Japan in Two Weeks: a Queer Martha Itinerary
Updated: Aug 4, 2020
It's a grey, rainy night in Philadelphia. A perfect evening to definitely not get out of bed. I am under covers with Rachel sleeping on my left and Riley the cat sleeping on my right. One of them is snoring. The other wakes up periodically and licks my face. I'll let you decide which one is which.
We did get up long enough to cook up some soup for dinner. Oh, yes, we are still pretending that we are in Japan. You guys, Japan was seriously a magical land of spotless public restrooms, warm towels in restaurants, and a stunning attention to detail. We miss it.
Maybe you are thinking about taking a vacation to a far-away land. If your vacation destination checklist includes having incredible food, wonderful people, beautiful landscapes, and be easy to navigate while still being very, very different from what you are used to in America or Europe, you should probably head to Japan.
Added bonus - it seemed to me that Japan is a country equally enthused about cats and dogs. You see - there is something for you no matter who you are.
"Lizzie," I hear you saying, "Japan sounds great, but what would my itinerary look like? It's so overwhelming!"
I hear you. There is so much to see, and it's all in a different alphabet. It's sort of tricky to plan a trip when all of the place names are written with characters. That's why Queer Martha is here to plan your trip for you! Just follow this nifty schedule and you will fall so hard for Japan that you will also come home eating soup for dinner and wearing a yukata around the house.
14 day trip:
Ok, this is actually a 15-day trip because it actually takes 2 days of travelling to get to Japan, but that didn't fit in my cute little grid as well, so... just keep that in mind. After you arrive, the plan is 5 days in Tokyo, 1 night in Koyasan, 3 days Osaka, stop in Nara on your way to spending 3 days Kyoto, then 1 day of travelling home from Tokyo. This is the itinerary we developed, and it gave us a great tour of the Japanese hot spots. The only regret we had was not spending two nights in Koyasan. That said, we couldn't decide where we would give up a night to make that happen, so I didn't change the itinerary to reflect that regret. Sometimes the only right answer is, "We have to go back to Japan as soon as possible."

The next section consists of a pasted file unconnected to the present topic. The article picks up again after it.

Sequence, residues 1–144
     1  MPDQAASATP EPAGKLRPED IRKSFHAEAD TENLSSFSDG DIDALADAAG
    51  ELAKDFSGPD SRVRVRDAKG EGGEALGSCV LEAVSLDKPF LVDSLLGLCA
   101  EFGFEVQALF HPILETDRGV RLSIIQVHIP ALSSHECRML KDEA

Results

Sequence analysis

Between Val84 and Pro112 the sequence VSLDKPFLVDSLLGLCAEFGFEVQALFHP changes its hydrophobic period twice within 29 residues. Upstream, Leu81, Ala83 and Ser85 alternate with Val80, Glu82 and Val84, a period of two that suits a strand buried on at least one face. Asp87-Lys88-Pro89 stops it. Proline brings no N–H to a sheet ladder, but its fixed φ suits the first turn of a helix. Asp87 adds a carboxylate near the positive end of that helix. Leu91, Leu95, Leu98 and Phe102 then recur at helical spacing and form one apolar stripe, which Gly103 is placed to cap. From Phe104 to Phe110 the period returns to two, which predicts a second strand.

Tokyo is not to be missed. There is so much to do, and we left after 5 days feeling like we needed another year. The above photo is actually not emblematic of our time in Tokyo at all... we somehow managed to stay out of the glitzy areas of the city and just hung around some of the quieter parts. In fact, we have very few photos from Tokyo because we sort of felt like we lived there after a few days. Tokyo is a choose-your-own-adventure city. You can shape a trip that is full of bright lights and skyscrapers, or you can plan something full of greenery and hot springs. Whatever you do - don't miss Tokyo.
Koyasan is a sacred mountain and the seat of Shingon Buddhism. It's known for having the largest cemetery in Japan, its exceptionally beautiful cedar forests, and boasting over 200 Buddhist monasteries, many of which open their door to pilgrims. When they say, "open their doors," they mean serve you incredible dinners and breakfasts in your room, invite you to morning prayer services, and provide you with a traditional hot bath facility. It is paradise in the mountains. It took 6 hours by train to get to Koyasan from Tokyo, but it was 100% worth it.
Osaka is the Philadelphia of Japan. Yes, we saw litter and homelessness for the first time in Osaka, but we also had the best food and the warmest welcome (that is what Philly is like for those of you who are unfamiliar with our fair city). Osaka has long been the belly of Japan - all the country's crops came through the warehouses of Osaka during the time of the Shoguns. Osaka is equal parts fresh seafood and Kobe beef, and it will be served to you by a charming cook who doesn't speak a word of English but thinks that you are adorable. We made friends in the bars of Osaka that paid for our drinks and gave us their emails (in case we had any questions about Japan). If you get board of eating in Osaka, you can always head to Universal Japan which is accessible by subway!
Nara: go for the wild deer and the giant Buddha, stay for the persimmon leaf wrapped sushi. Seriously, that stuff is the shit.
Kyoto is classic and classy. We saw the most people dressed in traditional garb, and we also had the most amazing meal on the 7th floor of a fancy department store surrounded by ladies who lunch (on eel). This was the place where we spent the most time doing touristy things. It is significantly smaller than Tokyo and Osaka, but there are endless things to see, do, and eat. If Tokyo is the head of Japan and Osaka is the belly, then Kyoto is the heart.
Stay tuned for itineraries of the individual cities!